Lawmakers discover the DoD’s new fighter can’t pass tests and will cost $1.3 trillion to sustain
Nick Cleveland-Stout / Responsible Statecraft
(April 29, 2022) — In a tense House Subcommittee on Readiness hearing on Thursday, several lawmakers questioned Department of Defense officials overseeing the F-35 fighter program, which had been the subject of a Government Accountability Office report released Monday detailing major, unresolved defects with the plane.
In his opening statement, Chair of the Subcommittee Rep. John Garamendi (D-CA) laid out the issues of sustainment — a term referring to logistical challenges including operating and support costs, aircraft availability, supply chain management, and mission capability — facing the most expensive weapons system in Pentagon history:
“Over the past few years, it has become abundantly clear that sustainment is the most acute long-term challenge facing the F-35 program. Sustainment will amount to more than 80 percent of the program’s total lifecycle costs, at a mind-boggling $1.3 trillion. Largely because of supply issues and poor reliability and maintainability, average F-35 mission capability rates are barely over 55 percent, with a paltry 30 percent of the aircraft capable of performing all of their assigned missions.”
Lieutenant General Eric Fick, who oversees the program, was coy with his answers, often claiming there have been funding issues, or deflecting the blame to contractors and maintaining that the F-35 program has “made significant progress.”
Of particular focus was the Autonomic Logistics Information (ALIS) — the plane’s information infrastructure which, according to the GAO report, has faced “long-standing challenges, including technical complexity, poor usability, and inaccurate or missing data.”
In one heated exchange, Rep. Garamendi asked General Fick to give an update on the ALIS program:
General Fick: “I have a new material leader working ALIS… he’s got a very very solid plan in place.”
Rep. Garamendi: “And if it fails, will he just get another promotion?”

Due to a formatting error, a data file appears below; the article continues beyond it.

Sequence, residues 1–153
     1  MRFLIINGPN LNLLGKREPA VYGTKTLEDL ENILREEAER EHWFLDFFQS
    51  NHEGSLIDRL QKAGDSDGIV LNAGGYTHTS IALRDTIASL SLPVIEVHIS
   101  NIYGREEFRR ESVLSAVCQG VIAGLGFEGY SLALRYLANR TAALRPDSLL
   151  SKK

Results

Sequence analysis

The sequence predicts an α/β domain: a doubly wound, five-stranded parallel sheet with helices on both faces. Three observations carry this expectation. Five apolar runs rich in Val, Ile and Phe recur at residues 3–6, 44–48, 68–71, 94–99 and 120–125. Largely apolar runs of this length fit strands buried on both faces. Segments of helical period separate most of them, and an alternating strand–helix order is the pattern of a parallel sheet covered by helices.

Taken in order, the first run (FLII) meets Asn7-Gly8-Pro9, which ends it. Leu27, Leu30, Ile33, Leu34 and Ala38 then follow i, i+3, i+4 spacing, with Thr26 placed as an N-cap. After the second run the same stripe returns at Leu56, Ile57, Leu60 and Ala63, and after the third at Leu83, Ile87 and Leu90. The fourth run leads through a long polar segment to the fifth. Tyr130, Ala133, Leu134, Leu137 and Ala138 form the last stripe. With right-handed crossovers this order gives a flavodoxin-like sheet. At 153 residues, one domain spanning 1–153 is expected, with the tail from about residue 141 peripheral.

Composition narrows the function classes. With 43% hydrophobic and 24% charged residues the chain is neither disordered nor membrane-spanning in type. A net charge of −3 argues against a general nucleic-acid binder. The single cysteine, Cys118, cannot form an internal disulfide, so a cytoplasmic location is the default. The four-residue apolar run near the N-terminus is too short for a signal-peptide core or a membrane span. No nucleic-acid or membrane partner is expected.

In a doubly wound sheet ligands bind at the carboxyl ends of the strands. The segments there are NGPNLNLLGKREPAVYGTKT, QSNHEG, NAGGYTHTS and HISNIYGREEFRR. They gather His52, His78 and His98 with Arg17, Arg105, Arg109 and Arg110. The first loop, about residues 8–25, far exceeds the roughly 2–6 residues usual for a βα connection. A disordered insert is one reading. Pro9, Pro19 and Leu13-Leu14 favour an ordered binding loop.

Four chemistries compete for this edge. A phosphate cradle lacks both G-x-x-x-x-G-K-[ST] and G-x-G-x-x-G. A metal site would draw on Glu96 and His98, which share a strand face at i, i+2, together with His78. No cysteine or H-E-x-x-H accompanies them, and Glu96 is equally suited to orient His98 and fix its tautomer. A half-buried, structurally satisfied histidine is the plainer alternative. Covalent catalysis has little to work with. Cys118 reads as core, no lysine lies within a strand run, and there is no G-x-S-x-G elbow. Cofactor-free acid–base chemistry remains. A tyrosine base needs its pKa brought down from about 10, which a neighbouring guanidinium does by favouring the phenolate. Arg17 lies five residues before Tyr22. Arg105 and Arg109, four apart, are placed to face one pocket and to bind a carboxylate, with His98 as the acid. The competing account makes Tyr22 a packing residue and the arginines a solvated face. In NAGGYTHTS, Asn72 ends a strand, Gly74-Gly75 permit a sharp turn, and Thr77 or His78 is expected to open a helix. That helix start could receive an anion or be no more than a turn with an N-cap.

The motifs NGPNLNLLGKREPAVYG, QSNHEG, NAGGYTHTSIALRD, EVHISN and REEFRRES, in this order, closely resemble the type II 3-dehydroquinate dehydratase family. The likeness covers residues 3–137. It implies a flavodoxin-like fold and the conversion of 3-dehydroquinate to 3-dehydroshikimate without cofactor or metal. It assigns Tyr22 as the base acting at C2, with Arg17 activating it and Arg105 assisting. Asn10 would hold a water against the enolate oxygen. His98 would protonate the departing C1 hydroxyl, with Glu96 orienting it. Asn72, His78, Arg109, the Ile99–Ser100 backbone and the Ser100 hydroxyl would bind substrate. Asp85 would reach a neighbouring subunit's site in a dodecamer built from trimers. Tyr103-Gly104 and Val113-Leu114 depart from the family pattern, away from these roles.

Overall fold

The lack of accountability for defense contractors, including both Lockheed Martin and engine contractor Pratt & Whitney, was also front and center.
The GAO report detailed how Pratt & Whitney only delivered six out of 152 engines on time in 2021, many of them with quality issues. A frustrated Garamendi asked: “For the contractors out there, what in the hell are you doing? Why can’t you give us a piece of equipment that actually works?”
Of course, lawmakers shoulder plenty of blame for the disastrous program. Instead of attempting to address systemic problems, Congress continues to fund the F-35 at levels beyond what the Pentagon has even requested; for instance, in the FY 2020 Defense Appropriations Act, there was $2 billion allocated in earmarks to fund an additional 22 F-35s beyond what the Pentagon itself requested. And, it appears many of them still haven’t learned.
Rep. Michael Waltz (R-Fla.), who received a $6,000 campaign contribution in the 2020 cycle from the prime contractor Lockheed Martin, asked General Fick: “If there was one thing this committee could do in this next NDAA to get those FMC (fully mission capable) rates where they need to be, what would that be?”
Not all members of Congress shared that line of thinking. Rep. Jackie Speier (D-Calif.) criticized Congress’ full-steam-ahead approach to the program by saying:
“We are incapable of turning off the spigot when something doesn’t work…and we’re asking the American people to pay for F-35s, only 55 percent of which are considered mission capable when the standard is supposed to be 75 percent.”
Speier also pointed out that perhaps part of the lack of accountability comes from the nature of the contracts doled out. “We created a sustainment contract, much like we did with ALIS, where we’re not in charge and Lockheed Martin has the maintenance contract, so it’s a cash cow for them for the future,” she said.
Despite all of the F-35 program’s design errors — 845 of them according to a recent testing report — the Pentagon is still on track to acquire one-third of the total number of F-35s before the aircraft even finishes operational testing. This will only place a further burden on everyday Americans since problems addressed later on will be even more costly, and likely pose national security risks, since many of the design flaws are related to cyber vulnerabilities.
“The F-35,” Garamendi points out, is a “shared problem. It’s a problem of the contractor, Lockheed Martin, and others, it’s a problem of the Department of Defense not paying attention to sustainment, and it is a problem of this committee, and the Senate wanting to buy new bright shiny things and not paying much attention to the sustainment of what was purchased.”
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